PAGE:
Public databases

by Anne Egger, Ph.D., Anthony Carpi, Ph.D.

This material is excerpted from a teaching module on the Visionlearning website, to view this material in context, please visit Data: Analysis and Interpretation.

One of the most exciting advances in science today is the development of public databases of scientific information that can be accessed and used by anyone. For example, climatic and oceanographic data, which are generally very expensive to obtain because they require large-scale operations like drilling ice cores or establishing a network of buoys across the Pacific Ocean, are shared online through several web sites run by agencies responsible for maintaining and distributing that data, such as the Carbon Dioxide Information Analysis Center run by the U.S. Department of Energy (see Research links). Anyone can download that data to conduct their own analyses and make interpretations. Likewise, the Human Genome Project has a searchable database of the human genome, where researchers can both upload and download their data (see Research links). The number of these widely available datasets has grown to the point where the National Institute of Standards and Technology actually maintains a database of databases. Some organizations require their participants to make their data publicly available, such as the Incorporated Research Institutions for Seismology (IRIS): the instrumentation branch of IRIS provides support for researchers by offering seismic instrumentation, equipment maintenance and training, and logistical field support for experiments. Anyone can apply to use the instruments as long as they provide IRIS with the data they collect during their seismic experiments. IRIS then makes these data available to the public.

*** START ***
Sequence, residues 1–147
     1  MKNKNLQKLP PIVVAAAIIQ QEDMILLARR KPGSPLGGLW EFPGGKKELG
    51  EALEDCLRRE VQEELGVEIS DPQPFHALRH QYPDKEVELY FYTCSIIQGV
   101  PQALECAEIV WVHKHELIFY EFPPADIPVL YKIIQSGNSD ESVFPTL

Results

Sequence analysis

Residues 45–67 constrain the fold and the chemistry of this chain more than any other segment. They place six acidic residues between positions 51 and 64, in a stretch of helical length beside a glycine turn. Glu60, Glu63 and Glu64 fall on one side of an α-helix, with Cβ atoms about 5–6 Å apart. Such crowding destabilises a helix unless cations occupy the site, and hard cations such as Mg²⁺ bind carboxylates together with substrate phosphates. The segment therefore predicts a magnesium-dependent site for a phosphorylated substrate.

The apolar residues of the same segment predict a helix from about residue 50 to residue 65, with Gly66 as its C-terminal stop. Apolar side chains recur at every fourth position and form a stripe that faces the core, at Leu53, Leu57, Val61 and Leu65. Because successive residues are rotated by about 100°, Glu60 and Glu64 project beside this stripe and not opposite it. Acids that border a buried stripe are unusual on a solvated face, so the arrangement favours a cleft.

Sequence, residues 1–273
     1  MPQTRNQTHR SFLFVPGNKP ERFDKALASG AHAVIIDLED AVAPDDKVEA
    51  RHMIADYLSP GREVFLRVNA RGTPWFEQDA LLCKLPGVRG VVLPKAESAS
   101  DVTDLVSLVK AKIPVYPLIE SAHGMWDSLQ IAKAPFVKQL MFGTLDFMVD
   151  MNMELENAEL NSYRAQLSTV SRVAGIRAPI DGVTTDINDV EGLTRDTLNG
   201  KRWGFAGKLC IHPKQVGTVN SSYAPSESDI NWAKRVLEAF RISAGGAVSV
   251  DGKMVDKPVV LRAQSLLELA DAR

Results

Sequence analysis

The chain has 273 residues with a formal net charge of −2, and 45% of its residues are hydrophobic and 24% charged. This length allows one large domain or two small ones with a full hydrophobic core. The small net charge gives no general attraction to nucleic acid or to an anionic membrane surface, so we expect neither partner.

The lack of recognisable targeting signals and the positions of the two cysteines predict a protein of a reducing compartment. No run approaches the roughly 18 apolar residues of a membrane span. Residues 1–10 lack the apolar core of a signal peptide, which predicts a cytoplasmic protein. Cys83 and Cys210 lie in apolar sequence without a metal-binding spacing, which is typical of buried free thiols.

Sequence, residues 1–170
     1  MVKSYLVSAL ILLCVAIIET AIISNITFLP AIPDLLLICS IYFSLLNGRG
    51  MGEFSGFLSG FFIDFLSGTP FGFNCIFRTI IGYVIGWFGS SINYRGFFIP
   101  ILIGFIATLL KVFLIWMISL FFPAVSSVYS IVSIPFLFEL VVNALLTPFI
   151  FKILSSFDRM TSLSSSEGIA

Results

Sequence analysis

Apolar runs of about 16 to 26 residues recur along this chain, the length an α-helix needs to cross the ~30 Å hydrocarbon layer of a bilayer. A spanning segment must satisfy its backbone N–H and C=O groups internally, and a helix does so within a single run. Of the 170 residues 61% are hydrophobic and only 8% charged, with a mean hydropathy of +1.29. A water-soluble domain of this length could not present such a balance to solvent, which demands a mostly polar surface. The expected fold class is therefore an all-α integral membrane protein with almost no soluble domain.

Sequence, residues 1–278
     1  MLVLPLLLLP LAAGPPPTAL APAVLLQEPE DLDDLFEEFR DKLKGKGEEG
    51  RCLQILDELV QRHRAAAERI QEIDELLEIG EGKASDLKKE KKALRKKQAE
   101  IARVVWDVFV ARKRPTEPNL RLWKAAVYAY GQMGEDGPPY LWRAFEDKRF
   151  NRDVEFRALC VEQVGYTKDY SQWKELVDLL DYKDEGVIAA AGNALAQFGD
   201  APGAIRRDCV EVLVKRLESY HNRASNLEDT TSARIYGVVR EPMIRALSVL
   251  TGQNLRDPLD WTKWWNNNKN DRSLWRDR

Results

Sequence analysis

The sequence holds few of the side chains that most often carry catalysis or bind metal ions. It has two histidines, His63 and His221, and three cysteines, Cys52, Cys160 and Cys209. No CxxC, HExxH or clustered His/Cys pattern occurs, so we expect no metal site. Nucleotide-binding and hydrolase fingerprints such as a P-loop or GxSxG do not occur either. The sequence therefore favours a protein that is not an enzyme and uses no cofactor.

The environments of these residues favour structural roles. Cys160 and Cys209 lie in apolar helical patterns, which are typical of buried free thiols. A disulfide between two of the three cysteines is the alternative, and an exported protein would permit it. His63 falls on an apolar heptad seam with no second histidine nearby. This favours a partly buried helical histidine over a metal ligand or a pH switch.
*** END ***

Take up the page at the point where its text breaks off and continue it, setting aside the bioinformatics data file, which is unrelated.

Making data available to other scientists is not a new idea, but having that data available on the Internet in a searchable format has revolutionized the way that scientists can interact with the data, allowing for research efforts that would have been impossible before. This collective pooling of data also allows for new kinds of analysis and interpretation on global scales and over long periods of time. In addition, making data easily accessible helps promote interdisciplinary research by opening the doors to exploration by diverse scientists in many fields.

Further Readingtoggle-menu

Anne Egger, Ph.D., Anthony Carpi, Ph.D. “Public databases” Visionlearning Vol. HID (7), 2009.

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